Each year the Hypable staff pick their favorite books of 2015 and this year’s list is an ecclectic mix of young adult and non-fiction. Get your TBR piles ready for some new books!
‘An Ember in the Ashes‘ by Sabaa Tahir
An Ember in the Ashes by Sabaa Tahir is one of the strongest, most enchanting books I’ve read in a long time. Inspired in part by the plight of child soldiers, An Ember follows Laia, who spies at an elite military academy for a rebellion under the guise of a slave, and Elias, a skillful but unwilling soldier in training, as their paths become entangled with the future of the Empire they inhabit at stake. These two characters — and their respective tangled webs of relationships — inhabit a beautifully built world that echoes Ancient Rome. No punches are pulled in terms of the brutality or violence that comes from living in an oppressed society, yet the writing is deceptively simple and smooth. With well-developed female characters and male characters with hidden depths, An Ember in the Ashes is a must-read for any fan of dystopian fiction. The upcoming sequel, A Torch Against the Darkness, is among my most anticipated properties of 2016.
‘Da Vinci’s Tiger‘ by Laura Malone Elliott
Though I originally had another pick for my favorite book of the year, Da Vinci’s Tiger managed to sneak into my life at the last possible minute and steal my heart. This is not your typical historical novel, which can often be dry and unengaging. Rather, Da Vinci’s Tiger is part love story, part feminist triumph. It details the life of Ginevra de’ Benci, who was used as a pawn to influence politics, yet never ceased to use her own wits to gain favor for herself and those worthy of her attention. Though she desires a love she can truly connect to, her intellectual curiosity is first and foremost what she looks to satiate. In a time when women were revered for nothing more than their beauty, Ginevra — with the help of Leonardo Da Vinci’s portrait of her — became a revolutionary. A simple painting has captured her spirit, and it is nothing less than a testament to how she was able to change the course of history. (You can read my full review here.)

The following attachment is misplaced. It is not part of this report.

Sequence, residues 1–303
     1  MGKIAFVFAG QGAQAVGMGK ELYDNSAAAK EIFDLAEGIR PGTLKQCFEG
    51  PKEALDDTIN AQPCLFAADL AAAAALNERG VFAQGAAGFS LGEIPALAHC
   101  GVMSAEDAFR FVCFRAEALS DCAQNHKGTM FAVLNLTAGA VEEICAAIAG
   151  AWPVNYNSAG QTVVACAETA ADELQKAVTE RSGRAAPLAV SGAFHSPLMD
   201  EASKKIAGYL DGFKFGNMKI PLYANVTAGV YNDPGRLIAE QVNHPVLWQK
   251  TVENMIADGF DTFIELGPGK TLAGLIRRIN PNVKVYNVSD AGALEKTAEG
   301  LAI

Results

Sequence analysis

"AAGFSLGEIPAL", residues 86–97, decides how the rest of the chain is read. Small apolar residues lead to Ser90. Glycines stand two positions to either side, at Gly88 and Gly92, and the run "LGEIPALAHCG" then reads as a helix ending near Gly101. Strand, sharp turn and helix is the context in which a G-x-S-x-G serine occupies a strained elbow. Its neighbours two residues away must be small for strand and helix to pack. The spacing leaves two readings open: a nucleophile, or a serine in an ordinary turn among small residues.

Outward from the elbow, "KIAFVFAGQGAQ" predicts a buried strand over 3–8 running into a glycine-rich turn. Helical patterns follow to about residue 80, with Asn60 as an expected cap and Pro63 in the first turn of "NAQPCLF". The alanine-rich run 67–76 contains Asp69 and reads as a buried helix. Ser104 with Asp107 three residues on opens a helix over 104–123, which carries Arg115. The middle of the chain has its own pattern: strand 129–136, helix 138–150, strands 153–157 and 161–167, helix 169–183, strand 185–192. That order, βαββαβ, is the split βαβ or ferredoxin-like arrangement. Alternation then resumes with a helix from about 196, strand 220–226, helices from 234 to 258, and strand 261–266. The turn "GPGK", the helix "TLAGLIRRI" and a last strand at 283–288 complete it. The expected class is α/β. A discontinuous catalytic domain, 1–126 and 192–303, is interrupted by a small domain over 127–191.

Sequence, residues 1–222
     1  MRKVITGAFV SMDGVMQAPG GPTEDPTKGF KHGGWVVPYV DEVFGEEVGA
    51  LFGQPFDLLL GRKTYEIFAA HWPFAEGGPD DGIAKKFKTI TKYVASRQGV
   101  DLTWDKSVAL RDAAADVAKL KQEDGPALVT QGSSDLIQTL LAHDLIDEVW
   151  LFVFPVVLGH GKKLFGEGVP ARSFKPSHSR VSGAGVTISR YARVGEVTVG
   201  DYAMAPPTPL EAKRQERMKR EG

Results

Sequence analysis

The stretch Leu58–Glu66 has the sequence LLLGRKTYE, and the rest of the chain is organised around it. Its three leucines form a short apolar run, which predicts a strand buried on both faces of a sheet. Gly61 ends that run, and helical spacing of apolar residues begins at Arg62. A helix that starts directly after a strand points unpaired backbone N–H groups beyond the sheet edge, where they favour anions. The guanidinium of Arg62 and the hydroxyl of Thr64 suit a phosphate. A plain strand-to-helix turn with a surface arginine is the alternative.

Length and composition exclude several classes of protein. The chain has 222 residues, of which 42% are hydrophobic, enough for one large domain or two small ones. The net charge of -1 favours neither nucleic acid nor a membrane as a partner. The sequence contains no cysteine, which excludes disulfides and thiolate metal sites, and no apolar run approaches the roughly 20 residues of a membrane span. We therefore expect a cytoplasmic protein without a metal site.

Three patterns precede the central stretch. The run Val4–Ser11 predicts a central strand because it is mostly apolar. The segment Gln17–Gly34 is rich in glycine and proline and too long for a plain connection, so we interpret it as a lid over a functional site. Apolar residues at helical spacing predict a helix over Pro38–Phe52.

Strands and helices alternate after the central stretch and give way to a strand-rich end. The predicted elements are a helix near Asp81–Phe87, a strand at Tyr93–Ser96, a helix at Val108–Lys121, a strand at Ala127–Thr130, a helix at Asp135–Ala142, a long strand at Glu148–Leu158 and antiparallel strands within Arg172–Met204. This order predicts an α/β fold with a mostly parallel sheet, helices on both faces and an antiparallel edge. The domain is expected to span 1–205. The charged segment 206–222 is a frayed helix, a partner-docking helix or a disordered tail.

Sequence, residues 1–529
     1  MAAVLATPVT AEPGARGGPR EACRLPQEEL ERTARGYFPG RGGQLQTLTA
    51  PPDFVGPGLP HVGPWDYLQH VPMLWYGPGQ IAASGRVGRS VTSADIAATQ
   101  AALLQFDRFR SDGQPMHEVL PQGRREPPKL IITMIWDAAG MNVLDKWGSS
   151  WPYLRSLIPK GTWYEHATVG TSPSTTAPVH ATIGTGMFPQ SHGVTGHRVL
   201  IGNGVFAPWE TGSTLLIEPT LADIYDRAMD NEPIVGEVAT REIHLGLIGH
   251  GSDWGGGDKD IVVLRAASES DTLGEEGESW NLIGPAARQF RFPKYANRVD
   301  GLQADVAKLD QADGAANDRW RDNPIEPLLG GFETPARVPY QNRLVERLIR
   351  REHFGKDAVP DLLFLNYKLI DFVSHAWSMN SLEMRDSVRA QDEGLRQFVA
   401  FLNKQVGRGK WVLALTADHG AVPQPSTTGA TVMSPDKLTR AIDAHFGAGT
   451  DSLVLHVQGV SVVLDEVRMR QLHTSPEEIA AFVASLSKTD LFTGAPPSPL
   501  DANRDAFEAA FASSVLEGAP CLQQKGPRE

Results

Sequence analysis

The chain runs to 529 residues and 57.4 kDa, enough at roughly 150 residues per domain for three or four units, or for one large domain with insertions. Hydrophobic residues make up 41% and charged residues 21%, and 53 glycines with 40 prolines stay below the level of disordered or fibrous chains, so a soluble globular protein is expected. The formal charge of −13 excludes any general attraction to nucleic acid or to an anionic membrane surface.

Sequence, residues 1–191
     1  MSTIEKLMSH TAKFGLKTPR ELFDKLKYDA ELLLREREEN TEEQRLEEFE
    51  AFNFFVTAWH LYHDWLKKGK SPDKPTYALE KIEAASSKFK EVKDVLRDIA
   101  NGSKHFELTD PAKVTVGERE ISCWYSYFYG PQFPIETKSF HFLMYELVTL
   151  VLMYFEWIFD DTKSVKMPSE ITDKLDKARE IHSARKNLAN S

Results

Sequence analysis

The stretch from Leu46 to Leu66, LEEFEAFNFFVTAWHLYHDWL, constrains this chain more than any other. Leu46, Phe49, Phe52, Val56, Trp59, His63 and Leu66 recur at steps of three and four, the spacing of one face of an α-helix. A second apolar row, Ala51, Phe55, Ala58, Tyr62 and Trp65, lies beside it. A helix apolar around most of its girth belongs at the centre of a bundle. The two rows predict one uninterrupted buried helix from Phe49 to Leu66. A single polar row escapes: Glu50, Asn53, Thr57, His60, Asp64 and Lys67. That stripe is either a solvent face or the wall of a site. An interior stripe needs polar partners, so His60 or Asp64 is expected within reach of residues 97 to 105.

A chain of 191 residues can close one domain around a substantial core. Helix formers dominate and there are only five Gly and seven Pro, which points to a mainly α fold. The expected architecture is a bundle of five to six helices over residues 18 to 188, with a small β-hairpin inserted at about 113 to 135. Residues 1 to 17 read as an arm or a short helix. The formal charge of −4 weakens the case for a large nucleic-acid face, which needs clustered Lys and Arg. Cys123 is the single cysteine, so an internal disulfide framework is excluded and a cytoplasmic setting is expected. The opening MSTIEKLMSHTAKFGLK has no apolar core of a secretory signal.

‘Wolf by Wolf‘ by Ryan Graudin